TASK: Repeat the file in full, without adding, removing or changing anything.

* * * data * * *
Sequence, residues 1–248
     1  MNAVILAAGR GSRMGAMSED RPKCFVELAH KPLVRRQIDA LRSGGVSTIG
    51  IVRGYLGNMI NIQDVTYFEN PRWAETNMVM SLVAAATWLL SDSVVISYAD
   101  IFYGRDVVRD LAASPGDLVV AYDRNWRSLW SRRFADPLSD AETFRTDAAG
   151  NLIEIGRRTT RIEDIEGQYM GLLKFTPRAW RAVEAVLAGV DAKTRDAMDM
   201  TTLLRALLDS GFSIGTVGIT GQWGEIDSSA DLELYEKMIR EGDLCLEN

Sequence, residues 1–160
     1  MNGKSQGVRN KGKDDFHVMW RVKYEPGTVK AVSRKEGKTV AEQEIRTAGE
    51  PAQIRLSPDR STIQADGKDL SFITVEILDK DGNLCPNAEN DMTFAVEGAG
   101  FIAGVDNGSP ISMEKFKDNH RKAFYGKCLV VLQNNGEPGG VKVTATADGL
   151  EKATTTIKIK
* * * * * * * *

Sequence, residues 1–248
     1  MNAVILAAGR GSRMGAMSED RPKCFVELAH KPLVRRQIDA LRSGGVSTIG
    51  IVRGYLGNMI NIQDVTYFEN PRWAETNMVM SLVAAATWLL SDSVVISYAD
   101  IFYGRDVVRD LAASPGDLVV AYDRNWRSLW SRRFADPLSD AETFRTDAAG
   151  NLIEIGRRTT RIEDIEGQYM GLLKFTPRAW RAVEAVLAGV DAKTRDAMDM
   201  TTLLRALLDS GFSIGTVGIT GQWGEIDSSA DLELYEKMIR EGDLCLEN

Sequence, residues 1–160
     1  MNGKSQGVRN KGKDDFHVMW RVKYEPGTVK AVSRKEGKTV AEQEIRTAGE
    51  PAQIRLSPDR STIQADGKDL SFITVEILDK DGNLCPNAEN DMTFAVEGAG
   101  FIAGVDNGSP ISMEKFKDNH RKAFYGKCLV VLQNNGEPGG VKVTATADGL
   151  EKATTTIKIK